(CNN) — Our lives have increasingly become more digital today. While some may see this as a benefit, others are finding that it can literally be a pain in the eye.
Digital eyestrain is now a common problem. Eye and vision problems are reported in 70 to 75 percent of computer workers, according to the American Optometric Association.
Headaches, eye pain, redness, watering, double vision and loss of focus are all associated with digital eyestrain. The good news is there are numerous things you can do to help avoid the condition, including:
Take a break. Take frequent 15 minute breaks and focus your eyes on a distant object across the room. This will give the focusing muscle a chance to relax.
Try palming. This is essentially meditation for the eyes. To do this, you will close your eyes and place the centers of your palms over your eyes. Take deep slow breaths and relax your eye muscles. This is a wonderful way to rejuvenate your eyes during those long computer projects. Keep your shoulders and neck relaxed. Tension in this area will cause a tension in your eyes. An occasional neck and shoulder massage will also work wonders.
Blink frequently. When doing demanding digital work, your blink rate decreases. A conscious effort should be made to blink lightly every 10 to 15 seconds. This will coat the cornea, or front part of the eye, to nourish your eye with oxygen and nutrients — and the coating of tears will also sharpen your vision.
Wear computer glasses. Use a pair of computer glasses and work at the proper distance — 20 to 28 inches, depending on the focal point of the eye. Computer glasses have a different focal point than reading glasses. This will reduce the effort of focusing and putting a strain on your eyes. The extra effort to focus will cause tension in the eye muscles, which in addition to causing eye discomfort can lead to an increase in eye pressure.
Keep your monitor bright. This will reduce the flicker rate of the computer and reduce fatigue. Flickering can lead to eyestrain and headaches. A bright monitor causes the pupil to constrict and a greater range of focus will result. This will reduce the need for your eye to accommodate and enable you to work longer with more comfort.
Reduce blue light at night. A Harvard study revealed that blue light at night negatively reduces melatonin levels, which have a serious adverse health effect. It is associated with an increased incidence of diabetes, obesity and cancer. Reduce computer time at night or wear blue blocking glasses. These will block out the harmful blue spectrum light at night.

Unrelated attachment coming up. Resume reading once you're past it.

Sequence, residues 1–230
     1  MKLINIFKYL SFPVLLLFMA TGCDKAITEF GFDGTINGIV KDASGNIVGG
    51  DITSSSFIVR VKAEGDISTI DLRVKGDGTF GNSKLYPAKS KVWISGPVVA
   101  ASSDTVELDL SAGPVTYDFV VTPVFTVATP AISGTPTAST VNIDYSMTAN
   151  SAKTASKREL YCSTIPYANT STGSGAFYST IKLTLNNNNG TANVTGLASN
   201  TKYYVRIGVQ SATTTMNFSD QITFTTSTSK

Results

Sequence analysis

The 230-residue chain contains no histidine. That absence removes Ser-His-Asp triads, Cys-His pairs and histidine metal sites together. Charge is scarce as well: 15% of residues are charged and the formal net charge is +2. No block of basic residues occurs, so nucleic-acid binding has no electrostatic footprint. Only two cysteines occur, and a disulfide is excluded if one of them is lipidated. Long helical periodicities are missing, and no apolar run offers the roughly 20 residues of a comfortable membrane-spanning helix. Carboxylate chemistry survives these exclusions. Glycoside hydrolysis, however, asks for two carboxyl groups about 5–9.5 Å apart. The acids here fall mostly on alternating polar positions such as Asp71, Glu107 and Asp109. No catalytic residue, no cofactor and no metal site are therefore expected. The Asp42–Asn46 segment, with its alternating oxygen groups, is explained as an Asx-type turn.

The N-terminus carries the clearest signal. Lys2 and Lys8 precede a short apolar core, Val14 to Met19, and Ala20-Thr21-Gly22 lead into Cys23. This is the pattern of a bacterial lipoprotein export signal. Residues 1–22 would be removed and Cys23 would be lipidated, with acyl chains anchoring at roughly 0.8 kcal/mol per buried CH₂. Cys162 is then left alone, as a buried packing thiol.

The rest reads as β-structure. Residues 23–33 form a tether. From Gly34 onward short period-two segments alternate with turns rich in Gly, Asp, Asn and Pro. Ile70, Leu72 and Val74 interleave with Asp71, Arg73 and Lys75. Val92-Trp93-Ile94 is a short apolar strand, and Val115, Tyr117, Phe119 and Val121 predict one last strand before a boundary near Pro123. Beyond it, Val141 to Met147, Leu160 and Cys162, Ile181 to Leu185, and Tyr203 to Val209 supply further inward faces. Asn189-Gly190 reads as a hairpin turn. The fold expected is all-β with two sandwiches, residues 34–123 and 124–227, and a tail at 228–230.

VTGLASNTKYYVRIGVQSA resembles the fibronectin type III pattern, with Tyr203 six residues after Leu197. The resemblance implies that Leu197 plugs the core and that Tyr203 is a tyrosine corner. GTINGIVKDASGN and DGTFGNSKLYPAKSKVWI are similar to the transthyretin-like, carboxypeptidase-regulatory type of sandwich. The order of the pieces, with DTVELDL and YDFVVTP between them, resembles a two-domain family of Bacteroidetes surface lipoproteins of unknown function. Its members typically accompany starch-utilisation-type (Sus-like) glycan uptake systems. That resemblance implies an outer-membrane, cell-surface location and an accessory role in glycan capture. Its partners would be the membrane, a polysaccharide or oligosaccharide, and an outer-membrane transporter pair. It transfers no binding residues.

Take vitamins and minerals. Considering that the eyes have one of the highest energy requirements in the body, it is important that they get proper amounts of vitamins and minerals. It is important to opt for a vitamin that offers key antioxidants and ingredients that will help improve the health of the eye and reduce eyestrain. Those can include vitamins A, C, and E with a B complex and zinc.
Homeopathy. Speak with a practitioner to find a level of therapy that will work for your individual circumstances. One of the most common homeopathic remedies to treat eyestrain is Ruta Graveolens, a common ornamental plant found in gardens that is used to treat strains of tendons. This remedy can greatly reduce the symptoms of eyestrain during prolonged computer use.
Increase the light. Not having a light on when you are using the computer (or television) can put more of a strain on your eyes. Be sure to have a light on to help reduce the strain.
Check your computer’s position. The position of your computer can add to your eyestrain. It is important that it is positioned a good distance away, around 20-28 inches from the eye, and that there are no glares on it. Re-position your computer to provide maximum eye comfort.
Following the tips above can help reduce your chances of getting digital eyestrain. You will feel better and be able to work longer.
By Dr. Edward Kondrot, who is the founder of the Healing The Eye & Wellness Center, is the world’s only board-certified ophthalmologist and board-certified homeopathic physician. He has recently been named clinic director of the Integrative Medicine Clinic at The American Medical College of Homeopathy in Phoenix and is president of the Arizona Homeopathic and Integrative Medical Association.